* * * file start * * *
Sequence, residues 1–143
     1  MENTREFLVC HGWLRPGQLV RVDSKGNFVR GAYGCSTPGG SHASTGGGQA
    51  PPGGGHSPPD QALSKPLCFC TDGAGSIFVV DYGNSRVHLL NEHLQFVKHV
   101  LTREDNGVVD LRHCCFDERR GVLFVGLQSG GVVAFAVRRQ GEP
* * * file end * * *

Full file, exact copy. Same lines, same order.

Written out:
Sequence, residues 1–143
     1  MENTREFLVC HGWLRPGQLV RVDSKGNFVR GAYGCSTPGG SHASTGGGQA
    51  PPGGGHSPPD QALSKPLCFC TDGAGSIFVV DYGNSRVHLL NEHLQFVKHV
   101  LTREDNGVVD LRHCCFDERR GVLFVGLQSG GVVAFAVRRQ GEP